Avoid disputes at all costs: Consider your contract

Sometimes it’s the little things in life that make all the difference… like a contract.

When you take on work as a contractor, it’s important to ensure you have a contract in place. This might feel awkward if the person engaging your services is a long-term friend or family member, but believe me, in the event of a dispute, you’ll be much-better placed to sort it out amicably.

Consider this example. Charley’s elderly uncle had contracted him to paint the outside of his house over a period of four weeks. On week three, he was three quarters of the way through when the uncle decided he wasn’t happy with the colour they’d agreed to use for the trims. He asked Charley to go back over the trims in a new colour.

When Charley was unable to complete the house within the agreed four weeks, he explained to his uncle that having spent three days re-painting the trims, it would take an additional three days to finish the job… this would come at an increased cost.

Charley had made a verbal contract with his uncle and there was no written confirmation of the agreement. Charley felt unable to force the point and ended up working the extra three days at no cost, just so that he would be paid the originally agreed price and the family relationship would be maintained.

The Importance of Communication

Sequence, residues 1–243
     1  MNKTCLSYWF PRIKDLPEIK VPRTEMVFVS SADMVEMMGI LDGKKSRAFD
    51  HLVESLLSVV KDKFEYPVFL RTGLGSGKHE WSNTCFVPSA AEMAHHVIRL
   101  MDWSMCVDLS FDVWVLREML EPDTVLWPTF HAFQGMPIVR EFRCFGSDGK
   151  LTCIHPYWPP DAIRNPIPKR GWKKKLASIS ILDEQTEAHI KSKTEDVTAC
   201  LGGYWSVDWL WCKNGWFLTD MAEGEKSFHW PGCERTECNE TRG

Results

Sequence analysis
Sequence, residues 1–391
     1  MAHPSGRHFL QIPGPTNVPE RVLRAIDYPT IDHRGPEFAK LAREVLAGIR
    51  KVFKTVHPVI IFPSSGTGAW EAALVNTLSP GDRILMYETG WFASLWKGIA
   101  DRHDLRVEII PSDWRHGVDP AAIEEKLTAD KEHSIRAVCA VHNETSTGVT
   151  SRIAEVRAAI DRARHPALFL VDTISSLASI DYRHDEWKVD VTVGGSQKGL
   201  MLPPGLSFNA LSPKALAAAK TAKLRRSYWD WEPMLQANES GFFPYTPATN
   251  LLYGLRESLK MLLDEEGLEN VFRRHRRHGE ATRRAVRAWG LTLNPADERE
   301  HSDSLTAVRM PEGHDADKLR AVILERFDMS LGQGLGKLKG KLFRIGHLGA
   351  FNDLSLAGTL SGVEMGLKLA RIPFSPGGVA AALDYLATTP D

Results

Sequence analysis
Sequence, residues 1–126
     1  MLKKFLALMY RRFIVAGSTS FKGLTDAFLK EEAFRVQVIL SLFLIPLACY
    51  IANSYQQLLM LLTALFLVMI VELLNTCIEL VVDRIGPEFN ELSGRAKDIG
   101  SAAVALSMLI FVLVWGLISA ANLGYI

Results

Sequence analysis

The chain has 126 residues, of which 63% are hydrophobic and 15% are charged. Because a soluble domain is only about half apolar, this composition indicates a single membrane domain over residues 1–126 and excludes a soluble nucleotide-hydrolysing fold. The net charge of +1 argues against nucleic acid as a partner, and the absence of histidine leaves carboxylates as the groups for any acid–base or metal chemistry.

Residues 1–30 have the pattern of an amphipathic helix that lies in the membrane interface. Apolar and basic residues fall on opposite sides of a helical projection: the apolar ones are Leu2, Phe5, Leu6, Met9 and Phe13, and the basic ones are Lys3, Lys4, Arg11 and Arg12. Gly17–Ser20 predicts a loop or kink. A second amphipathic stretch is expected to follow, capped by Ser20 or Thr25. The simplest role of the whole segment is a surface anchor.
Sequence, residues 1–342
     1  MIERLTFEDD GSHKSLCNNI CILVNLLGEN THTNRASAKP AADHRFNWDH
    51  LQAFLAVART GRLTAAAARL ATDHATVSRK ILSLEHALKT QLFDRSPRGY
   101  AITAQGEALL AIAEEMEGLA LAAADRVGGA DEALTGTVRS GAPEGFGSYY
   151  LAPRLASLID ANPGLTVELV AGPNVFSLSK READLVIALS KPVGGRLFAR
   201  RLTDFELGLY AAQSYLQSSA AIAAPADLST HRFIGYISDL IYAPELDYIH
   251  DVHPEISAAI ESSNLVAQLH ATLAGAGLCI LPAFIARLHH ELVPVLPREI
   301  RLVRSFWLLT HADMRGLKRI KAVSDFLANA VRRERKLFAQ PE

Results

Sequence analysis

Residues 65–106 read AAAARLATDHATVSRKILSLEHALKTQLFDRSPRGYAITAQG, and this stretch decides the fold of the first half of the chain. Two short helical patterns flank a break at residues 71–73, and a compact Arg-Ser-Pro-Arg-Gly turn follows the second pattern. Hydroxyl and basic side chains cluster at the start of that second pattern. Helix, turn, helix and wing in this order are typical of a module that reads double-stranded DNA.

Sometimes even with a contract in place, problems can occur. Many can be avoided with clear communication.

Consider this example. Pauline agrees to work from home for a company on Monday, Wednesday and Thursday each week. A major project comes up with a tight deadline so she decides that to help out, she’ll work full time over one week just to get the job done. Assuming they will recognise her extra work, she doesn’t mention it to the employing company. The work is completed and the following week, she announces she will take time in-lieu. The company engaging her services disputes her right to do so, pointing to the contract. They refuse to pay her for her additional two days work, and, believing she managed to complete a heavy workload in three days (as opposed to the five days it actually took), insist she accomplish more from now on.

Pauline had a contract in place however she decided to change the terms of engagement, with the best intentions in mind.

Had she discussed the situation and suggested she alter her work days in an effort to meet the tight deadline, the company engaging her would no doubt have appreciated her commitment and agreed to her taking time in lieu. Instead she felt poorly treated and under-appreciated and resigned the contract.

Prepare a Thorough Contract

A well drafted contract is an important risk management tool for your business. It should clearly reflect what you and your hirer have agreed and the expectations of both parties.
Ensure your contract is written down and that you understand and agree to all its parts before you sign it. If necessary get legal or financial advice and if English is a second language, consider the use of a translator.

Find more advice about negotiating contracts and disputes here.

If you’d like specific advice and assistance with administering your contractual arrangement, contact the experts at Ayers.